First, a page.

Saturday, July 26, 2014
The Storied Life of A.J. Fikry by Gabrielle Zevin
by Gabrielle Zevin
Viking Canada, 2014
This is a book best read by people who love words and stories. It's not a heavy story (surprising, given some of the subject matter) but it's heavy on the literary references and book world in-jokes. This is an easy, fast read, gently funny and somewhat predictable, which makes it a very comfortable summer read, even for someone like me, who generally doesn't read a lot of contemporary fiction because I like to keep reality out of my reading space.
A.J. Fikry is the owner of Island Books, a small literary bookstore on Alice Island. It's a quiet place in the winter, and a very busy place with tourists - the summer people - in the few sunny months. Things are not going the way A.J. planned; his wife, and business partner, was killed in an accident, and business is slowing, and A.J. is not the sort of person who can attract business the way his vibrant, socially adept wife could. But things are about to change for A.J. and his small circle of friends and acquaintances, with the introduction of a small, abandoned girl into his bookstore and his life.
I think if anything I'd maybe describe this story as a bit of a love letter to short stories, a mild statement on the value of sharing books, and a bit of a fairytale. It struck me that it managed to be neither maudlin nor manipulative, both very easy traps to slide into with a book like this, which I appreciate hugely. It wasn't terribly deeply examined either, so while some very difficult things happen to some of the characters, I'm not sure how much staying power this book has with me in the grand scheme of things. Weeks after I've actually finished reading the thing, I'm still enjoying the afterglow but maybe not as loudly enthusiastic as I was.
One thing that did strike me as I was reading was the way Zevin used multiple narrators. I am not usually a fan of this technique in the way Zevin was using it. Many times certain narrators have very important bits of information that other narrators don't, and because we care about what happens to these people and the relationships they have with each other, it becomes very tense, wondering who will find out what when and exactly what the fallout will be, and suspecting it will be very unpleasant for everyone involved. However, I think because of the way Zevin handles her characters, which is gently, I trusted her. The tension was there, but not overwhelming, and left space for enjoying the other aspects the story. Namely the literary references and the book world in-jokes.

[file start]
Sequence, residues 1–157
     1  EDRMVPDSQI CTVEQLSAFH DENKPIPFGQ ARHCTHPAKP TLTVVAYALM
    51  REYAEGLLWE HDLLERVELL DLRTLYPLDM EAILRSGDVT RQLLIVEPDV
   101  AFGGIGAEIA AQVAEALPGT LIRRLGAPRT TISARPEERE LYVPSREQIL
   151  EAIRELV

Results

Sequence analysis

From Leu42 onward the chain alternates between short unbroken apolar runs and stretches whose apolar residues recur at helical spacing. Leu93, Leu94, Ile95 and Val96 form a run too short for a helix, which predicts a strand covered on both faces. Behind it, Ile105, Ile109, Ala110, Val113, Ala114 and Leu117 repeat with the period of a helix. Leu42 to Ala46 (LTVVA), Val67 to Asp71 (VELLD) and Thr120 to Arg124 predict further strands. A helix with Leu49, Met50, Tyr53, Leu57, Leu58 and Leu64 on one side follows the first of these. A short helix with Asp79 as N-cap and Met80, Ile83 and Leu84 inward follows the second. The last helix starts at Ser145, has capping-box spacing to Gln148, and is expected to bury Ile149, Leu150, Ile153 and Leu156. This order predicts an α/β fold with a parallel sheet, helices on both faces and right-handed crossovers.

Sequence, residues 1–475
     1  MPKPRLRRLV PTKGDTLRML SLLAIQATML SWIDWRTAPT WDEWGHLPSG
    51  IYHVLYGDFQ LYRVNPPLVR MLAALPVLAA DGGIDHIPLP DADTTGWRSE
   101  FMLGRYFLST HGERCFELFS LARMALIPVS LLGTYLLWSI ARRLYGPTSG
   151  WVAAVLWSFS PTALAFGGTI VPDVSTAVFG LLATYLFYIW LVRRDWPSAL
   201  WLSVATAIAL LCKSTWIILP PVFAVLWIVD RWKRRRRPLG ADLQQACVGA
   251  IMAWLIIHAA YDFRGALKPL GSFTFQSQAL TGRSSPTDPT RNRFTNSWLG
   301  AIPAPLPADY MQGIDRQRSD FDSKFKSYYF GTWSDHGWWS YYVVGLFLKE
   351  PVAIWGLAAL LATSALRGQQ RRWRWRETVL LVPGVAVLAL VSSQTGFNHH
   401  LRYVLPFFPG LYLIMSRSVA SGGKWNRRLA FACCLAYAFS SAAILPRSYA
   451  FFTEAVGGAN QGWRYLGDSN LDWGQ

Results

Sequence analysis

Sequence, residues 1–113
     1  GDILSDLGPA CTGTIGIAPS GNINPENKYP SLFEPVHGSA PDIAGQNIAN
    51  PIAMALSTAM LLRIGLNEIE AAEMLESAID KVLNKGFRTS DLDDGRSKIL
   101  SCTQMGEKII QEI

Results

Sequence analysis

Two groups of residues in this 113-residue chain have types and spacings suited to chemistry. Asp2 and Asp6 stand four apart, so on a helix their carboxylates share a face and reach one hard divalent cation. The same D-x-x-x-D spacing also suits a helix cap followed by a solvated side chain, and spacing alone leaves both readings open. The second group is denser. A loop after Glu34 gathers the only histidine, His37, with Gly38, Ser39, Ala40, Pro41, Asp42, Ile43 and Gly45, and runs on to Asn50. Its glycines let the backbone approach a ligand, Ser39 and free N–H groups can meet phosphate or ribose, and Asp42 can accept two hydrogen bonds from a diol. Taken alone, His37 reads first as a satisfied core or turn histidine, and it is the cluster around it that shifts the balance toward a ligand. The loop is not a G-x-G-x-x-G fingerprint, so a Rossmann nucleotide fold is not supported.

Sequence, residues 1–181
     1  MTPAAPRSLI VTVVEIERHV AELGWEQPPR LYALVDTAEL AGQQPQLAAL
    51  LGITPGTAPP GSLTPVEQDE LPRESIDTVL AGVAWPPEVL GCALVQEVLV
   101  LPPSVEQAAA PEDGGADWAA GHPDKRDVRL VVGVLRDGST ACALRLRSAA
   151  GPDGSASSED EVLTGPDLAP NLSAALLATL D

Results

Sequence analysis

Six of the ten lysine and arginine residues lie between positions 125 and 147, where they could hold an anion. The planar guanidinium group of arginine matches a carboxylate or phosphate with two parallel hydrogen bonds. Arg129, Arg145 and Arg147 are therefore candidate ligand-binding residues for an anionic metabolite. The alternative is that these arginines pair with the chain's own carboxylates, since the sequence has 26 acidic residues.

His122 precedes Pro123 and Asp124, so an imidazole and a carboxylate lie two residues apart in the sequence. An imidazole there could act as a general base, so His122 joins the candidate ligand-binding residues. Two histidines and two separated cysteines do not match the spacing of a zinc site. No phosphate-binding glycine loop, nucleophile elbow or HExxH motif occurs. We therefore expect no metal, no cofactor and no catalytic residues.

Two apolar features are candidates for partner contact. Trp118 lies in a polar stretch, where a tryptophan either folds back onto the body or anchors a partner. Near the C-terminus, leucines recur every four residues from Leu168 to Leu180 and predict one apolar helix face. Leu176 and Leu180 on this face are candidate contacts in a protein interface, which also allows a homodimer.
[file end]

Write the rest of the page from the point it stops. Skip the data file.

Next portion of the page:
Also, her foreshadowing is pretty clear. The ending, though not its specifics, is telegraphed, and I saw it coming. I was supposed to. I appreciated this as it meant nothing was a huge surprise (or not much) and it occurs to me that I'm not wild about being surprised in books, at least not about some things. At least not in the usual course of things.
It's not a remarkable book, but it's lovely and charming and - I've used this word already a couple times, but it fits - gentle. It's funny and if it treads lightly, that's okay by me. A recommended speedy, very readable summer book. Book clubs will likely get some mileage out of it, though hard to know how much. It might be fun to pair a couple of the short stories that form the backbone with the book; the Flannery O'Connor alone packs a more visceral punch than the whole book, if you like that sort of thing.